Steelers general manager Kevin Colbert said today it is unlikely the team will move up in the first round of the National Football League draft because they have only eight draft picks and will need them to replace the players they've already lost in the offseason.
Colbert also reiterated what he said during the NFL owners meetings last month -- that it is not imperative that the player whom the Steelers select with the 17th overall pick be an immediate contributor.
Because the NFL draft does not have the usual number of marquee players at the top of the first round, Colbert believes the Steelers will get a "quality player" when the first round of the three-day draft commences Thursday night.
"I doubt we'll move up," Colbert said during a pre-draft news conference with Coach Mike Tomlin at the team's South Side facility. "The more picks we have, the better, in this draft particularly. This draft in particular, there's nice quality available [rounds] two through four as well."
The Steelers have needs at many positions, including wide receiver, running back, outside linebacker, inside linebacker and safety.
And Colbert said the players drafted on the first three rounds will be viewed as projected starters for the Steelers at some point.
But none of those players have to come in and play immediately, Colbert said.
"Quite honestly, I don't envision anyone coming in and being an impact player in year one, I never do," Colbert said. "We want to let the players progress at their own pace. Now, if they exceed that, like a [Maurkice] Pouncey or a [Casey] Hampton, great."
The Steelers lost three starters in free agency -- wide receiver Mike Wallace, running back Rashard Mendenhall and cornerback Keenan Lewis. They also terminated the contracts of two other starters -- former five-time Pro Bowl outside linebacker James Harrison and guard Willie Colon.
The only free-agent additions they've made so far are to sign quarterback Bruce Gradkowski and bring back two former players -- tight end Matt Spaeth and cornerback William Gay. All are considered backups.
But Colbert has not backed down from his assertion that the Steelers are losing players from an 8-8 team, not from a Super Bowl winner.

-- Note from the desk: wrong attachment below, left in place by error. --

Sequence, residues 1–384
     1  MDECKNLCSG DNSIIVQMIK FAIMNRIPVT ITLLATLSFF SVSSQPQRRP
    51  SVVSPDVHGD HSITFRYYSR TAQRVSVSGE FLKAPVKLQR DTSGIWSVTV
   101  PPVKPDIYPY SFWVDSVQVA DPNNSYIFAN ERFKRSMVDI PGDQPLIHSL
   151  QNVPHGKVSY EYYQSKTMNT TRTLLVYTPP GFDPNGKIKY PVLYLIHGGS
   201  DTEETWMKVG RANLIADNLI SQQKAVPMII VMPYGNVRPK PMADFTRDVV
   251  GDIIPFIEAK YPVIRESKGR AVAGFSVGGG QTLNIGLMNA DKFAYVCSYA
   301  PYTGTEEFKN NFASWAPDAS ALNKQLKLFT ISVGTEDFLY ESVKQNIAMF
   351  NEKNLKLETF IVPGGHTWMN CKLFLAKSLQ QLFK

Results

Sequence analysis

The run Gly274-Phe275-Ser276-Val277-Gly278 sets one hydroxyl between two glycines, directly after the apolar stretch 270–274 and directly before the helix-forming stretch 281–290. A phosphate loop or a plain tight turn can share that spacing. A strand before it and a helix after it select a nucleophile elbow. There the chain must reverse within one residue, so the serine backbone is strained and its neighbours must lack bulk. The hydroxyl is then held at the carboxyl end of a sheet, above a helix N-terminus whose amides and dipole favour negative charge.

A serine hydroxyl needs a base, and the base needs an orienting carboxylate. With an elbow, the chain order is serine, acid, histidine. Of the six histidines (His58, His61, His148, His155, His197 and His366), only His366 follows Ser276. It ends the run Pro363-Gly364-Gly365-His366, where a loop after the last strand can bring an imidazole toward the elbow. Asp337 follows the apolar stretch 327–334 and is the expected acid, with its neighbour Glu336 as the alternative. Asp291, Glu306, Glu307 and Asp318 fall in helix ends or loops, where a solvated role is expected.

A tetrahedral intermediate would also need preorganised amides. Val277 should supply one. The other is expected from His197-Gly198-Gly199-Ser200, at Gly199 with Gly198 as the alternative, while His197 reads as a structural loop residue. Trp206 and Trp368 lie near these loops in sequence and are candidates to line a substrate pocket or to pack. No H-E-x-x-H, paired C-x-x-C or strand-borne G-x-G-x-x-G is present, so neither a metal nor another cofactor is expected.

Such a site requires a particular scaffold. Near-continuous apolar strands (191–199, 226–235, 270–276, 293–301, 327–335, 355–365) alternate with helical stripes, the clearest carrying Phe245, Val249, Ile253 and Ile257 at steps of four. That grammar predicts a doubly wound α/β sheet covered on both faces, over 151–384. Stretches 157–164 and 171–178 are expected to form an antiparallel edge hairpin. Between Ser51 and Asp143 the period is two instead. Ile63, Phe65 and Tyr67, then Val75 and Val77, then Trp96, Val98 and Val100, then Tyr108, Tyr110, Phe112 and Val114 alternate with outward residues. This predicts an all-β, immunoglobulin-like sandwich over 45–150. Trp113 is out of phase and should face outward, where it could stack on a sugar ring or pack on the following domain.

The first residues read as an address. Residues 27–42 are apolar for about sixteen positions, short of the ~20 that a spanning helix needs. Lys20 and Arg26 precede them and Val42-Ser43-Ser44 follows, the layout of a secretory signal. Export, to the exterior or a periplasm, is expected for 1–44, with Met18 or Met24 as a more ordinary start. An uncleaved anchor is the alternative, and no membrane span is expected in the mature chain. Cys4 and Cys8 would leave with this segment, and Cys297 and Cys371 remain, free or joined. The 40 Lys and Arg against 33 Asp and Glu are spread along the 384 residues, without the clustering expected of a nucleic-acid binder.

"The talent we had assembled was an 8-8 team; any other explanation other than that is incorrect," Colbert said. "It was our plan to upgrade our talent. If we have the same team as last year, it would be silly not to expect the same results. You'll be able to judge us in February whether we did our job or not."
Colbert said the Steelers have spent more time this year meeting with the families of prospective draft choices in an attempt to learn more about their character and off-field behavior. Colbert said it is a program Tomlin instituted three years ago.
That is a result of the Steelers having off-field issues with two draft choices from last year -- running back Chris Rainey and nose tackle Alameda Ta'amu.
Rainey, a fifth-round pick, was dismissed from the team after he was arrested and charged with simple battery following an altercation with his girlfriend. Rainey already had a charge of aggravated stalking against him from when he was played at Florida.
Ta'amau, a fourth-round pick, was charged with a number of offenses following an drunk-driving episode in which police chased him through the South Side. However, he remains with the team. Ta'amu had a drunk-driving offense against him when he played at Washington.
In addition to Rainey and Ta'amau, the Steelers admittedly took a risk with second-round pick Mike Adams, who tested for marijuana at last year's NFL combine then lied about it to NFL personnel.
"We tried to be a little more pro-active in meeting with their families ??? to get to know the kids we drafted," Colbert said.
"It helps us develop a more complete picture of who and what he is and, more important, what he's capable of being," Tomlin said. "It helps us paint that well-round picture."
Gerry Dulac: firstname.lastname@example.org; twitter: @gerrydulac
Gerry Dulac: email@example.com; twitter: @gerrydulac First Published April 22, 2013 5:45 PM